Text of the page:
How do you find your way back to the safe harbor of being a good guy? In this moment, how can you show you’re not a threat? You can feel the palpable distress around you, oceans of grief as big as mine — bigger — threatening to carry you out to sea. And amongst all that, the water is muddy, a mix of algae and silt clouding everything. What’s the right answer? What is the buoy you can grab for?
But right now, there are no right answers, and no easy access to trust for men — even good guys. Too many of us have been hurt, thoughtlessly or ruthlessly, at the hands of too many men.
You’ve lived a lifetime in a world that insisted your actions didn’t warrant examining because your intentions were good. And while the standards for your actions haven’t changed, the consequences for those actions have. And there’s no way to be sure you’ve charted the right course, because you’ve never navigated these waters before. You’ve stood safely on the dock, surrounded by waters that never touched you. You’ve spent a lifetime living on land. You have a lot to learn about oceans.
There is no safe harbor now. I cannot provide you the security of guidance, a checklist of sanctioned actions that will clear your name, return you from these choppy waters to good guy’s solid ground. But I can tell you what I need.
I need you to sit with your confusion. The accountability you face is changing.Until this point, your behavior was largely beyond reproach. The world around you painted clear pictures of heroes and villains. As long as you weren’t raping a stranger at knifepoint, a glassy-eyed villain from Law and Order who meant all women harm, your status as a good guy was secure. It’s never been that simple, but moving through the world as a man allowed you to believe it was.
I need you to allow yourself to mourn. It’s okay to feel sad or frustrated that people you liked — Louis CK and Al Franken, Bill Cosby and your friend from college — all of them have done terrible things. It’s okay to find yourself awash in the grief of the women around you, to feel stunned at the depth of their pain, to reckon with the frightening depth of those oceans you didn’t see.
I need you to ask for direction, and accept it tenderly. It’s okay to ask what’s acceptable and what isn’t, what’s helpful and what’s counterproductive. You don’t need to have all the answers. I certainly don’t. You don’t need to comfort me, to provide the false certainty masculinity told you you should already have.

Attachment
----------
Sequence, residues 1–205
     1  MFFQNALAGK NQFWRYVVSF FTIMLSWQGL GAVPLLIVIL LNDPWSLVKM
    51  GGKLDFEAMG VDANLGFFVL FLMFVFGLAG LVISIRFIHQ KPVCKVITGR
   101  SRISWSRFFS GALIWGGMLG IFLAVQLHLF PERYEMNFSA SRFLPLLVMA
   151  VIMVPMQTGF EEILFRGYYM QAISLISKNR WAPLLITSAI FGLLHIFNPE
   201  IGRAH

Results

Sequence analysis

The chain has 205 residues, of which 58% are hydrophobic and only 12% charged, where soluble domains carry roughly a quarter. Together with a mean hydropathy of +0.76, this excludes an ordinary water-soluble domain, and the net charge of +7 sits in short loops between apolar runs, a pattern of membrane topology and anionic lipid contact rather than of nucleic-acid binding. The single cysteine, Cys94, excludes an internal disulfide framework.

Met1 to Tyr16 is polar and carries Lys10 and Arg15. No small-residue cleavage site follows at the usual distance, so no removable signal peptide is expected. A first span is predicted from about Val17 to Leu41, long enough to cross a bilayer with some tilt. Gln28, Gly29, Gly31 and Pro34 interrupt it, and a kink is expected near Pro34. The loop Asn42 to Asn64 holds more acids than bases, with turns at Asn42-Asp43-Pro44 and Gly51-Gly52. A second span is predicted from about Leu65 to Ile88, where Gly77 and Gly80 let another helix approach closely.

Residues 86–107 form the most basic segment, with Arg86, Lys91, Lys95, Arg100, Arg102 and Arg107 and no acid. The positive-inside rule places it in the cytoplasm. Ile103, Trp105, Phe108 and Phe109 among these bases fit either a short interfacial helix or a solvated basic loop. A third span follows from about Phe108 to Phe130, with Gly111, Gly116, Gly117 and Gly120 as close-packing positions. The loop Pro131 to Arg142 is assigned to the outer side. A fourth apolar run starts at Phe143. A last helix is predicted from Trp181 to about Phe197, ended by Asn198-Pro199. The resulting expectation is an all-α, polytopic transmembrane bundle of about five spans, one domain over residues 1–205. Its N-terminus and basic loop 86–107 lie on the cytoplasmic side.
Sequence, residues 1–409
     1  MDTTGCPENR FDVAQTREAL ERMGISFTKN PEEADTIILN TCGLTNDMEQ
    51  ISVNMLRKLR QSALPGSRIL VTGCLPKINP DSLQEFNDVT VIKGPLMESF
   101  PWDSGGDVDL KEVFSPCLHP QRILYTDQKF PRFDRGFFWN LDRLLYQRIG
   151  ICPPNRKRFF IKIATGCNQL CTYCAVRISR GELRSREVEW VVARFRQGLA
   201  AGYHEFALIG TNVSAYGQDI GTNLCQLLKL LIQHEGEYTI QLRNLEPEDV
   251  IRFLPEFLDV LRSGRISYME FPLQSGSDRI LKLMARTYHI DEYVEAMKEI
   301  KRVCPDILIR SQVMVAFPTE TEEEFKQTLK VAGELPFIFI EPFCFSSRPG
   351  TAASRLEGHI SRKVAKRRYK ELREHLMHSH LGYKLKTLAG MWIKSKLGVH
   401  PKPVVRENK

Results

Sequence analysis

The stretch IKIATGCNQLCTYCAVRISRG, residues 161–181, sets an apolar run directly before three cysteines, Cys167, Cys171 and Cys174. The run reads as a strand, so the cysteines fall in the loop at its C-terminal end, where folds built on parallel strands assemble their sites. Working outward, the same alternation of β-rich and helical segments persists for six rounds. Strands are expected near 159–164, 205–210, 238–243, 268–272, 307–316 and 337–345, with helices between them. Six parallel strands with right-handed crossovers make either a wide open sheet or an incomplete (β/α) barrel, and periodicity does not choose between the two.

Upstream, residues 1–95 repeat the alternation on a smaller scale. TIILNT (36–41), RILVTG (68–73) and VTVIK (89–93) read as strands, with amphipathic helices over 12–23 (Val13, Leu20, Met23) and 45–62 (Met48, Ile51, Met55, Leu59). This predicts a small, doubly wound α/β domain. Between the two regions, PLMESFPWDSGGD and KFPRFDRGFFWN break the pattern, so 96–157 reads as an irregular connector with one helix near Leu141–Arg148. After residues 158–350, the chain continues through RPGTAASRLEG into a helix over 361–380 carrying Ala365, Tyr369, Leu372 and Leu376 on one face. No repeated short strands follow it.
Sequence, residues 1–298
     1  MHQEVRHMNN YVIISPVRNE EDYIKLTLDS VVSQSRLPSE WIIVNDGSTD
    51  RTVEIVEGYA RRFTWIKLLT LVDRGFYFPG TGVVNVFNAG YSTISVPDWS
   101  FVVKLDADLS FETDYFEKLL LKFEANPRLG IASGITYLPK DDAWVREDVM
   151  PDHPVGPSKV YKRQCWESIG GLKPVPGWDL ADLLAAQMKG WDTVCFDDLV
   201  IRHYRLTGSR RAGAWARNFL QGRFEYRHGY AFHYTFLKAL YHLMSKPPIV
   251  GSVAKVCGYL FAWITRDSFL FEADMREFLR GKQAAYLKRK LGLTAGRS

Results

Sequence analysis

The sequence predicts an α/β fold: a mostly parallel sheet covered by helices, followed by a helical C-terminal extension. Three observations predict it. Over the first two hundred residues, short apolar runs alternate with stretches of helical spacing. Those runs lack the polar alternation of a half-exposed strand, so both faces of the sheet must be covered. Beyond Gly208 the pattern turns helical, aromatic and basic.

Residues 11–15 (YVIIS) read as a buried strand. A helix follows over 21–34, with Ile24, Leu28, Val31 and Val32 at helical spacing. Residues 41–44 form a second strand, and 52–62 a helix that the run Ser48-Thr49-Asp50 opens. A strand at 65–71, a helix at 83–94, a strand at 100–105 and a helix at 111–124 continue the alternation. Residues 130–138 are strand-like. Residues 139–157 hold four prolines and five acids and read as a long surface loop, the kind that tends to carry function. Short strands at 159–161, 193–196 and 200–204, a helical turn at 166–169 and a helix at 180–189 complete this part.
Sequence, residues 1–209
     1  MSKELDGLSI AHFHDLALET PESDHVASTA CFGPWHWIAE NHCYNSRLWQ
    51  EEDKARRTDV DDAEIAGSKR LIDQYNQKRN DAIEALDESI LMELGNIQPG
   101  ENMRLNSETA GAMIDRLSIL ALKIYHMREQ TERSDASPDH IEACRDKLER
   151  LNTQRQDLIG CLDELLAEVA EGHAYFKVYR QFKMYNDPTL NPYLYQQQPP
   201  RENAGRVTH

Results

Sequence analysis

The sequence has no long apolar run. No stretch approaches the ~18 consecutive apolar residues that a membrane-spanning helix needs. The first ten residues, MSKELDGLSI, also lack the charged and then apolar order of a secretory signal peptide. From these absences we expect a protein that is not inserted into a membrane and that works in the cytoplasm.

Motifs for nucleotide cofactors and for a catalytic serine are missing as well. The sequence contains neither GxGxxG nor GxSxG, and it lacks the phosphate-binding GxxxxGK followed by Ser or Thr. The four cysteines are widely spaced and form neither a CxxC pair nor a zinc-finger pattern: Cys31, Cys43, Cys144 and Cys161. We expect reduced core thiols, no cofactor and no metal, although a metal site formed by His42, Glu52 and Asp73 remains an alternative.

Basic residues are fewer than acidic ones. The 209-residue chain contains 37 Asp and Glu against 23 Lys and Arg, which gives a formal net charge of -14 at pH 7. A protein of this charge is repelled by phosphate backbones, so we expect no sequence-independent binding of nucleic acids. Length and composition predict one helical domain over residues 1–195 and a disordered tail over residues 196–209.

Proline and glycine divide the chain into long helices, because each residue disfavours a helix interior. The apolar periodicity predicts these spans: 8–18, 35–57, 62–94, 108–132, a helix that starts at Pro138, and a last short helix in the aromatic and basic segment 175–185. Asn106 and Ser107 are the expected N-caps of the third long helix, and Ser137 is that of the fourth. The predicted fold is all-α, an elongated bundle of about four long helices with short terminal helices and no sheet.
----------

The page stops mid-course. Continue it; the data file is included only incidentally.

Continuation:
I need you to feel how you’re feeling. And I need you to sit with that uncertainty, mourning and murkiness so it doesn’t curdle into something more acrid. I need you to be vulnerable enough that you don’t reach for the buoys of defensiveness and anger, the old friends that keep you afloat in the face of women’s pain. They will lead you to dark places — defending aggressors, or insisting on forgiveness that isn’t yours to give.
I need you to bear witness. I know this is nowhere in your training. I know no one has taught you to sit quietly, feel the texture and fullness of someone else’s pain. I know the itching impulse to argue, to debate, take the issues of the day head on. But this isn’t an issue debate. This is grief — slippery, messy, wily. Half the world is reliving wounds and losses. Offer us condolences. Don’t play devil’s advocate when there are devils all around us.
I need your active participation. Do not disappear into deference. Yes, women need to lead this conversation. But fundamentally, misogyny is a problem for men to fix. It is homegrown amongst men, a problem of masculinity. Only women can know if solutions are working. But only men can enact them.
I need you to know that you are not immune. Your status as a good guy didn’t protect you from making missteps. I know the inventory you are taking now is painful, and I need you to stay with it. Because you don’t have to intend harm, try to bed teenagers, end up in the newspaper to do this. You don’t have to be Roy Moore, Kevin Spacey, Harvey Weinstein. You don’t have to have a long and public history of repeated complaints, damning evidence that was callously ignored. But you might have that, too.
I need this to be your clarion call to examine your own behavior more closely.When do you write women off? When do you let men’s bad actions slide?When do you comfortably pronounce that experiences like mine aren’t your fault, that they aren’t your fight? What do you do when friends and coworkers talk about conquests that felt too grey, expressed too exuberantly? You are there when the butterfly flaps its wings. What do you do to stop the tsunami that washes me out to sea?
I don’t need you to beat yourself up. I need you to stay engaged, stay active, stay vigilant. And more than that, I need your vulnerability. I need you to be real enough to try, to mess up, to do better. In this moment, listening and learning are important, but they are not enough to keep us safe. That can only happen with action.
So what’s the action you’re going to take?